The Government is consulting on making “wilful neglect” of patients a criminal offence in England as recommended by a working group looking at how patient care could be improved following the Mid Staffs Hospital scandal, according to OnMedica.
Any health professional successfully prosecuted could face up to five years imprisonment and/or £5,000 in fines, under the proposals, says the Department of Health consultation paper and impact assessment on proposed new legislation. The organisations that employ them could face large financial penalties.
The recommendation for an offence to apply to the NHS came from an advisory group chaired by Don Berwick, an international expert on patient safety, after the Francis Report on Mid Staffs. But ministers believe it should apply far more widely, and also cover private hospitals, nursing homes and voluntary sector services.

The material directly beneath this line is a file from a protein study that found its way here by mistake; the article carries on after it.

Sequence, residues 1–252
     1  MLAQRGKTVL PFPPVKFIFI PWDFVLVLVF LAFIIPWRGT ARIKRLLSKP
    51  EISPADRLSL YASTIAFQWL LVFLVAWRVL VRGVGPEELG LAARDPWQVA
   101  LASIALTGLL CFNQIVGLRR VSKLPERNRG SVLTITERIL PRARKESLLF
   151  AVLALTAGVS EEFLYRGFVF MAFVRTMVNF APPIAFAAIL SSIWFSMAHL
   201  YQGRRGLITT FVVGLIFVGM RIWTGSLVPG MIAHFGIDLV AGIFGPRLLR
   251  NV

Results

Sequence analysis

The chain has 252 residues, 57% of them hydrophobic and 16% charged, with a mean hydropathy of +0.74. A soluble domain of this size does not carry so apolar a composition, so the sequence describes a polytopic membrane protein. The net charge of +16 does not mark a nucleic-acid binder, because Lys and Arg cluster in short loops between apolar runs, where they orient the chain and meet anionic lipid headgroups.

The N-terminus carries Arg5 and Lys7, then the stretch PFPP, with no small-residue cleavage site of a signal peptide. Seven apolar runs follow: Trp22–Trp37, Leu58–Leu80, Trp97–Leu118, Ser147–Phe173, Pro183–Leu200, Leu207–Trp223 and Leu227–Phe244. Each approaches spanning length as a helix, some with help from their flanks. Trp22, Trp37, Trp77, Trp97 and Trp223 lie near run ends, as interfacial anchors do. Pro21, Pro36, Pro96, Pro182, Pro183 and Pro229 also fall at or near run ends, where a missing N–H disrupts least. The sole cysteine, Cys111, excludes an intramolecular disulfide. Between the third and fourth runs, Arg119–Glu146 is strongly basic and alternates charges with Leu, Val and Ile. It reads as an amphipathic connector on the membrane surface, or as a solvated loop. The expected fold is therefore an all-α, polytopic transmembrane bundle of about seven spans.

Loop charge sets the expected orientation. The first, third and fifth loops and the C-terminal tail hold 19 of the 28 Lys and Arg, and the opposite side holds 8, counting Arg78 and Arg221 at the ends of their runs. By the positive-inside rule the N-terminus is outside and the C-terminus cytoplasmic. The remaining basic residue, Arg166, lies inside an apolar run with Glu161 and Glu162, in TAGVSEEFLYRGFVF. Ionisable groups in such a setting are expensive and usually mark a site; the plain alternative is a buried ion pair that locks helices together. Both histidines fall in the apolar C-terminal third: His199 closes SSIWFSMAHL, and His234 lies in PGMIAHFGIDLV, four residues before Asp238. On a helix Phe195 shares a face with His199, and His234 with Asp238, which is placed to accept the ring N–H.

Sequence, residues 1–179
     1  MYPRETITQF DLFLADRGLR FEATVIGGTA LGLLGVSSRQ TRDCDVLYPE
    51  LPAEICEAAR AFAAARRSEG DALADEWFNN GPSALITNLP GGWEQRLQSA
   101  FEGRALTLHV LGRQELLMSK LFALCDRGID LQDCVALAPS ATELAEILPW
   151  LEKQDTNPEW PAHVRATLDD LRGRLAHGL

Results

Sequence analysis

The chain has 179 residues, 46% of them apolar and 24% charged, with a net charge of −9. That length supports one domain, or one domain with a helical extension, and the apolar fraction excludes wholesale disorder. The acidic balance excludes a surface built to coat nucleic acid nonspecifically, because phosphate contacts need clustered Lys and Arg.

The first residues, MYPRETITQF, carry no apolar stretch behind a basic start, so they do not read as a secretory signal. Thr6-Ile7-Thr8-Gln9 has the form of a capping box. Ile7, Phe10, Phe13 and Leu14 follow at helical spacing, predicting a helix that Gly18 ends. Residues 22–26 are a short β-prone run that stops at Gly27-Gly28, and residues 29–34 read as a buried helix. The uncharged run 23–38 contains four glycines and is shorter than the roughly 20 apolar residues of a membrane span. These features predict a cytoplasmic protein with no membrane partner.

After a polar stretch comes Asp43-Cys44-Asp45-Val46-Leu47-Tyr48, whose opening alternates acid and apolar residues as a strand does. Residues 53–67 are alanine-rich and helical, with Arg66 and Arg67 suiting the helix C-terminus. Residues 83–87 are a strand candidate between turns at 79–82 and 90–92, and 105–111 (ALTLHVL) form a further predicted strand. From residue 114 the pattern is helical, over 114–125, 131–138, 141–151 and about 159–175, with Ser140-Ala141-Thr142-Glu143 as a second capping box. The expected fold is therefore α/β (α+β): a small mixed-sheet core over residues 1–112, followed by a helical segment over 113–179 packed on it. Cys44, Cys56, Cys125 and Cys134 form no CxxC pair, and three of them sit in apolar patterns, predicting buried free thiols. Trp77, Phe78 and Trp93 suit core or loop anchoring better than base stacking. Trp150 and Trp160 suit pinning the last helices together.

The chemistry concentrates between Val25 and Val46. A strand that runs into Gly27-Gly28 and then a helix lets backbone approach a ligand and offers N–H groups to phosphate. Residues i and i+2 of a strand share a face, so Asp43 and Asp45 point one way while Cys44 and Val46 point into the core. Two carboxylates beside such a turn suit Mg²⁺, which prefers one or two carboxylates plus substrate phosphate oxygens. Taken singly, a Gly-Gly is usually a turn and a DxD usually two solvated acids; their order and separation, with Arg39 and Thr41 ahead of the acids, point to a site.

The Department of Health says the criminal offence will send a strong message that poor care will not be tolerated.
Care and support minister, Norman Lamb, said: "This is not about punishing honest mistakes – it is about closing the gap in current laws so that this type of poor care cannot go unpunished."
The consultation document, New offence of ill-treatment or wilful neglect, says that genuine errors or accidents would not lead to prosecution but rather be used as a way of learning to improve the quality of services.
The document says that the plan is to create a new “general offence of wilful or reckless neglect or mistreatment” which: may be committed by both organisations and individuals; applies where the individual or organisation wilfully neglects or ill-treats someone in a way that causes serious harm or death; and creates penalties for the offence which are equivalent to those under section 44 of the Mental Capacity Act 2005.